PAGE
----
Jan 3, 2022

How Do I Keep My House Warm?

It is that time again! The leaves have fallen, the holidays have past and what are we left with? A cold house – burr.

Luckily there are 10 Simple Steps you can take to keep warm and snuggly inside.

Let the Sun Shine

During sunny days, open the curtains and let some sunlight in. The light radiated by our sun carries energy, which gets absorbed and transformed into heat when it reaches a surface. Those bright rays of sunshine will help warm you up even on the coldest days.

Close the Curtains

If you open the curtains to let the sunshine in during the day, close those curtains at night. This will help you trap the heat inside your home. Like a rug, thermal curtains or drapes are not just decorative but very helpful to keep the heat in during the winter and cooler in the summer.

Check for Closed or Blocked Registers

Remember, rugs and furniture can block airflow, so you may need to rearrange a few things. Every furnace technician has a story about a cold room that was warmed by simply opening a register or two. Be sure to check all the vents in the room to ensure they are open.

Are the Dampers Open?

Some ductwork contains dampers to adjust airflow. Look for handles and markings on the ductwork such as ‘summer’ and ‘winter.’ Set the damper handle parallel to the duct line for maximum airflow. If you are unsure if you have a damper or if the damper is open, contact us, and we would be happy to help you.

Is the Furnace Filter Filthy?

A dirty furnace filter is the most common cause of trouble for heating (and cooling). Change the filter and the problem may just disappear. It sounds too easy, but sometimes it is that simple. Proper maintenance is essential.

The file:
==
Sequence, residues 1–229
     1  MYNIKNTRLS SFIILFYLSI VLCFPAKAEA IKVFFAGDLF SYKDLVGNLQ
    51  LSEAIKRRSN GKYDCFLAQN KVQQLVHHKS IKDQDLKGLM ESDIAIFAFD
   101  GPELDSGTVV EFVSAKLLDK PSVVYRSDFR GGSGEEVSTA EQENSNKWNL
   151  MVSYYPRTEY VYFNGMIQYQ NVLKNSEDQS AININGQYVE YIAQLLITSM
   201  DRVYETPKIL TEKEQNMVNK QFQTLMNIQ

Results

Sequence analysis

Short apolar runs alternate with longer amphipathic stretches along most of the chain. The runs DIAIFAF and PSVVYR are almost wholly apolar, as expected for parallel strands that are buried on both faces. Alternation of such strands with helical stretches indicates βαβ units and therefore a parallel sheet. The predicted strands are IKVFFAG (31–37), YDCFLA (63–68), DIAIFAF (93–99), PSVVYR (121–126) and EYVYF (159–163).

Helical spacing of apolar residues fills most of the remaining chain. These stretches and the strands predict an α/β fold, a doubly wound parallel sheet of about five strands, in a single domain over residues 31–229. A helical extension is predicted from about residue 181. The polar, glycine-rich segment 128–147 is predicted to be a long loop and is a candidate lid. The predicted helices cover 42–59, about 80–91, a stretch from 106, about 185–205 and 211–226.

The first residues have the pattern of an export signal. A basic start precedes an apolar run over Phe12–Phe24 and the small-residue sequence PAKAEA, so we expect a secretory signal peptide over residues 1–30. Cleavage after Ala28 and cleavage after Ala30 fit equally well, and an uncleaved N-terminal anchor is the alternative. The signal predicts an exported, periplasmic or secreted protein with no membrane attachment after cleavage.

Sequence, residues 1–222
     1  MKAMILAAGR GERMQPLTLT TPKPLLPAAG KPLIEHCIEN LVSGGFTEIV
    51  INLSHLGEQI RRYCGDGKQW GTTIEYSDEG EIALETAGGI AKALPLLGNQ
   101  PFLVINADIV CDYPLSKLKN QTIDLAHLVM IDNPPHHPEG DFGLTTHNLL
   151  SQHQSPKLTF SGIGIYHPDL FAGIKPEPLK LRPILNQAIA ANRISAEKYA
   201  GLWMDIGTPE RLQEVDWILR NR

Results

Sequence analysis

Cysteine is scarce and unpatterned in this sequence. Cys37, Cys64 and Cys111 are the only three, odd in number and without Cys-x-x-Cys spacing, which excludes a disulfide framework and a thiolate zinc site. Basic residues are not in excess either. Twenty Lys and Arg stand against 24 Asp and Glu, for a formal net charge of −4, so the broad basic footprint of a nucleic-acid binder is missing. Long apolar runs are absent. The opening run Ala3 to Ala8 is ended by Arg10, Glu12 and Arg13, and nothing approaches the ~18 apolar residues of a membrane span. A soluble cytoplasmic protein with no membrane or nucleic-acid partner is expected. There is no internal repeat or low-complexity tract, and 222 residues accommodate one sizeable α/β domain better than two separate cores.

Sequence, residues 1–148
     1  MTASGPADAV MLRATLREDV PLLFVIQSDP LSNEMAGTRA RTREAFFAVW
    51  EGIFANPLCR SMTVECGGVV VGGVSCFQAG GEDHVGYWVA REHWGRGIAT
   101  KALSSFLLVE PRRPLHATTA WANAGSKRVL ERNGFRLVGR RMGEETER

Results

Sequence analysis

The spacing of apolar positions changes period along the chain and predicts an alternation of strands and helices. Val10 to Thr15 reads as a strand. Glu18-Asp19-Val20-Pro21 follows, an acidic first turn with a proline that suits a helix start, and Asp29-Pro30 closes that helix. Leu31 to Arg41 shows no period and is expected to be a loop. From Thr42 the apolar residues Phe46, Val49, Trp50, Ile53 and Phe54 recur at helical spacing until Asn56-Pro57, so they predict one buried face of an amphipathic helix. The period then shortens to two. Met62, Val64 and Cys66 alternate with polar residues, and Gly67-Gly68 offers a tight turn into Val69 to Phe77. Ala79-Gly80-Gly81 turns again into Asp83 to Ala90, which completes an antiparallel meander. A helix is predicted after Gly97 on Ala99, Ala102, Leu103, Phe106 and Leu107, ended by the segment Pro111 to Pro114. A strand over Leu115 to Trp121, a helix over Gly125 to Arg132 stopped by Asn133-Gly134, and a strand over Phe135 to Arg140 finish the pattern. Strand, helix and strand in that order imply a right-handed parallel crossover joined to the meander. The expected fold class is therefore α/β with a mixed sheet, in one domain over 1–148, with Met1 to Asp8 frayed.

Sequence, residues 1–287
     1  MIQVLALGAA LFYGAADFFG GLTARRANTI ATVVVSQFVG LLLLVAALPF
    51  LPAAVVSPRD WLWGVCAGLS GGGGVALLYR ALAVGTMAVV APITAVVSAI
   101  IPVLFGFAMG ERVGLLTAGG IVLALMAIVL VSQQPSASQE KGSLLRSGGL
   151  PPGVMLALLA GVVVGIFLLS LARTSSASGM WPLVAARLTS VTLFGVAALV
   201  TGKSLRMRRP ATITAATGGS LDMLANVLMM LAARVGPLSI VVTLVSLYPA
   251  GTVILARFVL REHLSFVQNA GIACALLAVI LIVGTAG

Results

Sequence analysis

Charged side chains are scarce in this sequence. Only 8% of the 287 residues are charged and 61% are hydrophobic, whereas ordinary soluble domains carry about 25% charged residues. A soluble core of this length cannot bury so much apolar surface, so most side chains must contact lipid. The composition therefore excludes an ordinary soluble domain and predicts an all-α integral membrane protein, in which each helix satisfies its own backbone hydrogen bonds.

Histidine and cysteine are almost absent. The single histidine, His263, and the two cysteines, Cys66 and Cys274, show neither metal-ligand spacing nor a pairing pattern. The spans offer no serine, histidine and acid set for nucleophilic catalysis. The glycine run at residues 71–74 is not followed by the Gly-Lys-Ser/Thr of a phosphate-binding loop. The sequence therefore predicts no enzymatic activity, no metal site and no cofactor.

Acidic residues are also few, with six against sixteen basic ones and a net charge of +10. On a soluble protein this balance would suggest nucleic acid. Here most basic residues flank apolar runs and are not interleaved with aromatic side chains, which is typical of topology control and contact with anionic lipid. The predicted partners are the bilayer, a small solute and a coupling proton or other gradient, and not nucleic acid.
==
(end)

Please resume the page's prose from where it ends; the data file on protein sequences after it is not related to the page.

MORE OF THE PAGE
Duct-Booster Fans

If you have forced-air heat, you can take advantage of several types of duct booster fans that are designed to increase the flow of warm (or cool) air through your ducts into a problem room. In-line duct booster fans fit inside standard-size metal ducts. You mount the blower near the outlet end of a duct and then install a pressure switch (some models have one built-in), which senses air pressure from the furnace and turns on the booster fan whenever the furnace or A/C blower turns on. Some in-line duct boosters easily plug into an available outlet, while others are hard-wired. Cheaper units can be noisy, so buying a quality model with a powerful motor and heavier gauge housing is worth buying.

Reverse Ceiling Fans

Typically your ceiling fan is used to keep your room cool during the summer. But did you know that it can also help keep a room warm during the winter? All you have to do is switch the spinning direction.

Since warm air rises, a ceiling fan can help push that warm air back down to the ground. When the fan moves in the “forward” direction (counterclockwise), it pushes down cool air. But putting the fan on “reverse” (clockwise) at a low speed will gently draw up the warm air and push it back down, circulating the warm air around the room.

Cut Down on Mini Drafts

You can lose a lot of warm air through mail slots and doggy doors. When possible, keep these areas covered. You can use a wool blanket to plug an animal door or even an old towel to close up a mail slot when the temperature really drops.

Seal Drafty Windows

Cold air coming through a window might be preventing a room from warming up. There are a few solutions for sealing your windows and keeping those chilly drafts out. You can try a window insulator kit that includes all the supplies to cover the entire window with a layer of heat-shrink plastic. You can also try sealing drafty windows with caulk. If you choose the latter option, be mindful not to seal your windows!

Insulate HVAC Ducts

Cracked and broken HVAC ducts cause substantial energy loss, so insulating, repairing or replacing them can help improve efficiency. Proper sealing and insulating can save energy in warm and cold climates. To maintain temperatures in the more extended duct areas, add insulation around the ductwork.


2023 Regulations

2023 Regulations

Every six years the Department of Energy (DOE) reanalyzes the effects of energy usage, sets minimum efficiency requirements and manages the testing standards by which those efficiencies are measured. For 2023, the DOE is increasing the minimum efficiencies for central air conditioners and heat pumps.

read more